-believably pulled out to sea.

The bodies were never found.

But was that really what happened?
Did they disappear at sea?

Or could they have
gone to the mainland?

To understand the fate
of refugees on the navy-

-students study the
geology of the bay itself.

Can the seabed provide an answer?

Patrick Barnard from Surveying-

-examine the underwater
landscape in the bay opening.

An analysis of the seabed can
explain the strong currents-

-which surrounds Alcatraz and
makes escape attempts so dangerous.

Today we map from
Golden Gate and west.

Interesting to see what
is on the seabed there.

For the first time,
multi-beam plumbing is used to see-

-how the seabed itself may have
affected the fate of the prisoners.

The fantastic with multi-beam plumbing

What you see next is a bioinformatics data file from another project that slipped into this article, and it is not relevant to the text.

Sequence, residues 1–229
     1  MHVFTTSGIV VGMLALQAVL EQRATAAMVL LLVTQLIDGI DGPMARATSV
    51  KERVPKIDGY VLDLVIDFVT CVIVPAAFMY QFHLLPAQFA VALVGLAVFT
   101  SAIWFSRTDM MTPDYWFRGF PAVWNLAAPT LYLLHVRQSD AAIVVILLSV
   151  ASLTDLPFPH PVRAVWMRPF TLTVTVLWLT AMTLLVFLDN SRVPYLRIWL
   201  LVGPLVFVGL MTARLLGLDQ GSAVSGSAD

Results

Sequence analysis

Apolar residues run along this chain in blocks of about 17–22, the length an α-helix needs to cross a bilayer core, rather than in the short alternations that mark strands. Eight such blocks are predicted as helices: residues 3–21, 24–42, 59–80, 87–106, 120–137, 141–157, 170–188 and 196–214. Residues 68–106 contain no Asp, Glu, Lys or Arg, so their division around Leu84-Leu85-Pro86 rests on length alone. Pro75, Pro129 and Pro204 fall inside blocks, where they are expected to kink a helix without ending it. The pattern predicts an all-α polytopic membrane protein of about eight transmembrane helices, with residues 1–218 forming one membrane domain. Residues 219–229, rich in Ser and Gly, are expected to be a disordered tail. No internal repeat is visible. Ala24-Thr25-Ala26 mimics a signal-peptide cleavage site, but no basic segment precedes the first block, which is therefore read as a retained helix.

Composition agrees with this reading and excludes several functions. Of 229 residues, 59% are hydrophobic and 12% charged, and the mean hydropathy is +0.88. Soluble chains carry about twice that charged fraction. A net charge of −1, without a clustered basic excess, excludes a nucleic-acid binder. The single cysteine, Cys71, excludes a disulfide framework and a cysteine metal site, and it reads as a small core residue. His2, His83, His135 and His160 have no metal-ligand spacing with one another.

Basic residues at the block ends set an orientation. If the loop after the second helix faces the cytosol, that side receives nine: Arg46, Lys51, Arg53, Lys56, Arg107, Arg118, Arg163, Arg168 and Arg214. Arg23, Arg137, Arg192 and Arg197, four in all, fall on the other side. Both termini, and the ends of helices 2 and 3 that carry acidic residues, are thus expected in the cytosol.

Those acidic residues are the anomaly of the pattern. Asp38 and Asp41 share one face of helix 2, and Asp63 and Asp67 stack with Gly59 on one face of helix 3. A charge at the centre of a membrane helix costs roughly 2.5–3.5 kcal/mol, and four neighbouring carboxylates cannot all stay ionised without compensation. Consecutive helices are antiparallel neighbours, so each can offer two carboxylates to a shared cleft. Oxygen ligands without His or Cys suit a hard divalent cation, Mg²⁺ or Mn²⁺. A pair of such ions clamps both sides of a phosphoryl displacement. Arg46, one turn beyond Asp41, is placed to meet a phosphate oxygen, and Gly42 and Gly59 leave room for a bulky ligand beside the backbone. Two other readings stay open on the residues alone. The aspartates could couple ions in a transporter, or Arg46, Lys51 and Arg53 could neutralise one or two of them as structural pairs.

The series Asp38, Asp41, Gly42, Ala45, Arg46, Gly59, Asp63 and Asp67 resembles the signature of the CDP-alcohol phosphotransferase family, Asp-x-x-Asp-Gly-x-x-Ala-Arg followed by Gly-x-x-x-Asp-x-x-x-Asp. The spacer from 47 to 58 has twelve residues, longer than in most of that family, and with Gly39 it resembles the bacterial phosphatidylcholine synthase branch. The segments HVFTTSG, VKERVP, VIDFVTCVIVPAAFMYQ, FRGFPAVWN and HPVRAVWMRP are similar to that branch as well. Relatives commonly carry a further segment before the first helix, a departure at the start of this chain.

-is that they capture the bottom
in HD so we get sound every meter-

-and can see in incredible detail
what the seabed looks like.

Advanced technology sends thousands
of sound waves to the seabed.

The waves are reflected against the
contours and give an unmatched overview.

The investigation begins under San
Francisco's most famous landmark.

We are right below the Golden gate
at the narrowest part of the strait.

The purple shows the
deepest parts of the canal.

It's about 92 meters deep here.

After several passages through the
canal, a strange landscape can be seen.

We see a bottom without
direct features.

The entire middle part of the
sweep is ground down bedrock.

When the water is emptied under the
Golden Gate, a huge gorge is revealed.

Much deeper than the rest of the bay.

Deep enough to house
a thirty-story house.

But what happens to the seabed
when you move west towards the sea?

We are now a little more than
a mile west of the Golden Gate

-but the bottom is still
empty and mostly bedrock.

As the boat moves further away from the
Golden Gate, the water becomes shallower.

The sonar shows a dramatic
change in the seabed.

That is changing, we see much
more sediment at the bottom here.

When the water is drained,
an incredible sight is revealed.

We're starting to see some